Did Pope John Paul II do lots of good? Of course. Should that be acknowledged? Of course. But given the widespread and largely preventable devastation that was ignored, enabled or tolerated by him and by his aides and appointees, making him a saint is dreadfully hurtful and unwise.
Finally, on our website is a 21 point plan called “What to do when your priest is accused.” We urge Catholic officials and parishioners to distribute it to church staff and members. It offers guidance for them on the sensitive and responsible ways to act when clergy sex abuse reports surface. It can help avoid deepening the harm to those already wounded like the ceremonies in Rome are doing right now.
NOTE - TWO OTHER UPCOMING SNAP EVENTS IN EUROPE
1) Friday, April 25, from 8:00 p.m. - 10:00 p.m., some of these same victims will hold a brief, candlelight vigil in Rome in honor and remembrance of the boys, girls and vulnerable adults who were victimized by clergy sexual violence on JPII's watch. It will be on the rooftop of the Hotel Orange with the dome of St. Peter's in the background.
2) A few SNAP members from several nations will be in Geneva from April 30 through May 7 for a hearing on May 5 and 6 before the United Nations Committee Against Torture, which will consider whether Vatican officials are violating or complying with an international treaty regarding torture.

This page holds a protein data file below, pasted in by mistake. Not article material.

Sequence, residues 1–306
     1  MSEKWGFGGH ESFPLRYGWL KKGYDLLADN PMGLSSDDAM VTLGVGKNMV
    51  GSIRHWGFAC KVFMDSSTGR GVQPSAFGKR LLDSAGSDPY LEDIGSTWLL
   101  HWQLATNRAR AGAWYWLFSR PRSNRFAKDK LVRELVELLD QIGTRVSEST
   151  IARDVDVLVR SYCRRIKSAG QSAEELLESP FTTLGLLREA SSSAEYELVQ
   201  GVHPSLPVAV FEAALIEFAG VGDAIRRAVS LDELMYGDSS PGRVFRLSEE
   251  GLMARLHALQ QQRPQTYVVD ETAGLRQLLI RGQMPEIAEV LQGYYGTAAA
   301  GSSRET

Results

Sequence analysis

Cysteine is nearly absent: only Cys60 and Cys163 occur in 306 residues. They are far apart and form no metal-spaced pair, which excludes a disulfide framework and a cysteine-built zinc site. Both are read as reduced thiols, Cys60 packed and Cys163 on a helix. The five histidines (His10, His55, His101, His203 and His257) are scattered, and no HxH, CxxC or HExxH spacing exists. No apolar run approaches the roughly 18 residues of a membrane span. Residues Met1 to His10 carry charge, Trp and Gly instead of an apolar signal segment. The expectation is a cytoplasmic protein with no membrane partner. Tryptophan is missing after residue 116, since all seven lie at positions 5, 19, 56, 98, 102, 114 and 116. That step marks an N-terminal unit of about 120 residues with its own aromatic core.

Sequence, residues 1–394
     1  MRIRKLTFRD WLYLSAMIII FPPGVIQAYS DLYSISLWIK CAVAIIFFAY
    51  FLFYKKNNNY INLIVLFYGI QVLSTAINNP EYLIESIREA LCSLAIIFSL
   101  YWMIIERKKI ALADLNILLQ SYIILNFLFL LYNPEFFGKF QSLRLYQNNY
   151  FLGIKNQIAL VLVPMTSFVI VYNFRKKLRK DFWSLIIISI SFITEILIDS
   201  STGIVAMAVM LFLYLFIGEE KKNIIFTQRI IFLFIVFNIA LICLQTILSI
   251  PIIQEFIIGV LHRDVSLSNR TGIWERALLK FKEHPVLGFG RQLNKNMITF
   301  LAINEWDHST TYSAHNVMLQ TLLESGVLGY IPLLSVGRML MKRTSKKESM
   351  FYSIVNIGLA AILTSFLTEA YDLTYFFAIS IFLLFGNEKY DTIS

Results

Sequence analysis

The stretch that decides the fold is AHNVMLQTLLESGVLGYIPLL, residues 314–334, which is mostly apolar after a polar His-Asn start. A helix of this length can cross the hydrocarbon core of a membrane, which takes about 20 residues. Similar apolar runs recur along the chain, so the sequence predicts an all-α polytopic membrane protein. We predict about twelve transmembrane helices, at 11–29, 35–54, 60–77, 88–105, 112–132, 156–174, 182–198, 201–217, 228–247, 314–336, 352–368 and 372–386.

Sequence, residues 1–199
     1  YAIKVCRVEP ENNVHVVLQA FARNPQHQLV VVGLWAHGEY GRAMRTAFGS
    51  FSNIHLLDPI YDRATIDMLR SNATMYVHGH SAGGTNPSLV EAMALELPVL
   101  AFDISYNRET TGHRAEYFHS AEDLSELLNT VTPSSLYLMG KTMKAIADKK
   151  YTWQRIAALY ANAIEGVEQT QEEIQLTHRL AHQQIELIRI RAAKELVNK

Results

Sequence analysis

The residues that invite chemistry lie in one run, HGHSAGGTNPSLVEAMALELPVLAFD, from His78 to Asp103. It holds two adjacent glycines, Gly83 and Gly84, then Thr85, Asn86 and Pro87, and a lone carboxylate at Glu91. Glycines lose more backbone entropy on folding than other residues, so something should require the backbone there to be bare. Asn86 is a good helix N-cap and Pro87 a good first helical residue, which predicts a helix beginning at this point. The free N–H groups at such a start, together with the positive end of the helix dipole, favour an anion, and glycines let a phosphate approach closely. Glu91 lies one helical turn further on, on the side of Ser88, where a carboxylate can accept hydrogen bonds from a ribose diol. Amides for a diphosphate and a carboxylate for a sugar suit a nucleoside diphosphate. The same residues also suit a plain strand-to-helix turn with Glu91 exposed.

For details about the two Rome events, please contact:
--SNAP staff contact information:
(in Rome) Barbara Blaine, European cell +39 366 1160224, U.S. cell +1 312 399 4747, Rome hotel- +39 06 598591; [email protected]; Miguel Hurtado +44 7787 638245; Nicky Davis, European cell +39 388 9068750, [email protected]
(in USA) David Clohessy (in Missouri), +1 314 645 5915 home, +1 314 566 9790 cell, [email protected]; Barbara Dorris (in Missouri) +1 314 503 0003 cell, [email protected]; or the SNAP office in Chicago at +1 312 455 1499, [email protected] or [email protected].
For details about the Geneva event, please contact:
--SNAP leaders in Europe: Barbara Blaine, European cell +39 366 1160224, U.S. cell +1 312 399 4747, Rome hotel- +39 06 598591; [email protected]; Miguel Hurtado +44 7787 638245
–SNAP leaders in USA: David Clohessy (in Missouri), +1 314 645 5915 home, +1 314 566 9790 cell, [email protected]; Barbara Dorris (in Missouri) +1 314 503 0003 cell, [email protected]; or the SNAP office in Chicago at +1 312 455 1499, [email protected] or [email protected]
There are also dozens of local SNAP volunteer leaders on the SNAP website who are local spokespersons for the group: SNAPnetwork.org. Also please check the SNAP website for details, media statements, etc. THANKS!